One other question lingering over the modest festival (for me anyway. The Slash faithful probably knew exactly what his sets are like) was over sub-headliner Slash. Mainly: What the hell would Slash be doing/playing? For me anyway. The Slash faithful probably knew exactly what his sets are like. But I reached the level with the crowd when I made my way toward his stage to hear the opening to “Sweet Child of Mine”. Jesse’s face was priceless at this moment, looking up in disbelief and mild amusement. He didn’t even realize that it was Slash blasting through the streets, thinking it was just another of the random-as bands that made up the bill.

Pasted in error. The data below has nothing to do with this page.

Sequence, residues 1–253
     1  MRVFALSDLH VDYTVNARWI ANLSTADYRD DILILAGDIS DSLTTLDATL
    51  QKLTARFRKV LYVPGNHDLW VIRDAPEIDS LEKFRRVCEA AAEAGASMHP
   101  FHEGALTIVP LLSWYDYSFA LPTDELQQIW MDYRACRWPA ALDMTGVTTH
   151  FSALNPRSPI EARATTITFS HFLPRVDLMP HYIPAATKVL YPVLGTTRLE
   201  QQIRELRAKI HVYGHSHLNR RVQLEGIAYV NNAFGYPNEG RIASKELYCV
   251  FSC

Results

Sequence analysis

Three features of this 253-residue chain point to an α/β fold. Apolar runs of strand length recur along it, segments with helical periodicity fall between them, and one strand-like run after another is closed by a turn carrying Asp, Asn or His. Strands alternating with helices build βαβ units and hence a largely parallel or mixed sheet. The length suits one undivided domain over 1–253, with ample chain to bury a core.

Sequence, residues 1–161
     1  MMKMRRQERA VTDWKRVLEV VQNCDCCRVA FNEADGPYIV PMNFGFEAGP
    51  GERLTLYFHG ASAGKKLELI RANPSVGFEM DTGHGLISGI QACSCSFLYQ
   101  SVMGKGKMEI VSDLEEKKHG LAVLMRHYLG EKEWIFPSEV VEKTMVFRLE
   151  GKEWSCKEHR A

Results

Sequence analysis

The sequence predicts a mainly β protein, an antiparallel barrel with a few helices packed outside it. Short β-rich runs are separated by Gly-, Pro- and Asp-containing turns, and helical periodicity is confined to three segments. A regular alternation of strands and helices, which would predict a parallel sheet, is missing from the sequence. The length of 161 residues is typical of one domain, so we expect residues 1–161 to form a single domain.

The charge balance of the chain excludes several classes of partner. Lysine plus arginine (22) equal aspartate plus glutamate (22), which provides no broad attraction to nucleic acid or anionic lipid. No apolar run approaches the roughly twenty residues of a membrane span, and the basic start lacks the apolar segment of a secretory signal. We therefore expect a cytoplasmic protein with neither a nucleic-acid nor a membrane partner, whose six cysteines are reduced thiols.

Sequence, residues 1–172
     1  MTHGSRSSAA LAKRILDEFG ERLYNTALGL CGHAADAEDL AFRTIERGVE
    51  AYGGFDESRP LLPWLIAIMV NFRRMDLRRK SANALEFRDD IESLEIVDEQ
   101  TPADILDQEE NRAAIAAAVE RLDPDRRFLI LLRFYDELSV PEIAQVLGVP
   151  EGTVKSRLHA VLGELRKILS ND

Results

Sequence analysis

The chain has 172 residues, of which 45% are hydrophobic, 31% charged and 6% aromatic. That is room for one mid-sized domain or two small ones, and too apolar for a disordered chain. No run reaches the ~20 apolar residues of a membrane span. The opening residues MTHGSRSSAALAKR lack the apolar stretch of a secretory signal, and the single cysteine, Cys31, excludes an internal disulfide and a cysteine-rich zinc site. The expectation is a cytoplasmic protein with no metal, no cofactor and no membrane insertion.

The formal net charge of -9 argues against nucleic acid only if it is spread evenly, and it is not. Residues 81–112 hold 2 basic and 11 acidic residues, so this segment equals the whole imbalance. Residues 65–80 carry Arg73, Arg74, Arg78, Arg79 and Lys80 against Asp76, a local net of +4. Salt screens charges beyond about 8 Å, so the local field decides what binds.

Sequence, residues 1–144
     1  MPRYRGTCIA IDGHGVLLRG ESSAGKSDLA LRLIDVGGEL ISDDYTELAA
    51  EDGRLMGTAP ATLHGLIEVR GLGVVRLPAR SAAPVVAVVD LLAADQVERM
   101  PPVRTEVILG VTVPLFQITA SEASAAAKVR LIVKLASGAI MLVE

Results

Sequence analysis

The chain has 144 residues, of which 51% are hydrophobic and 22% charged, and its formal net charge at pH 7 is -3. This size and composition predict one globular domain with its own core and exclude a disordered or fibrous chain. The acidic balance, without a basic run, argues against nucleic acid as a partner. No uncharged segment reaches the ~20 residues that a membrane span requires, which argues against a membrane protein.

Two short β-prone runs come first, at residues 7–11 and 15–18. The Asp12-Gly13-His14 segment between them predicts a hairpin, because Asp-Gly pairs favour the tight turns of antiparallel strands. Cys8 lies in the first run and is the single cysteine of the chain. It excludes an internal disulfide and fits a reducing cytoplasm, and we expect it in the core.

This same weekend, on the other side of the world, the same song was surely played without Slash, and while vocalist Myles Kennedy could easily sing circles around Axl Rose these days, the iconic riff could be played by anyone and sound exactly the same. It was hard to see the difference between a bar cover band and this incarnation, other than the presence of Slash, which was palpable but really never materialized into something grand. Slash, even in this moment, seemed more comfortable on the side, as a band member and not a focal point. It is hard to begrudge the guitarist a moment in the spotlight, a moment he seemed genuinely taken aback by. And with news of his divorce breaking as I write, I don’t want to pile on. Did people eat it up? You bet. Are these people total weirdos? A little bit. But, if watching Slash touch the bases of GnR and Velvet Revolver and cover “Barracuda” with Fergie (who could totally be a rock singer if she wanted. She nailed both the voice and the attitude) is your idea of a nice Saturday, well, you might need to come to a couple shows with me and see what else is going on in music. And you might totally hate it, but I couldn’t help but feeling like making a mix tape for the crowd.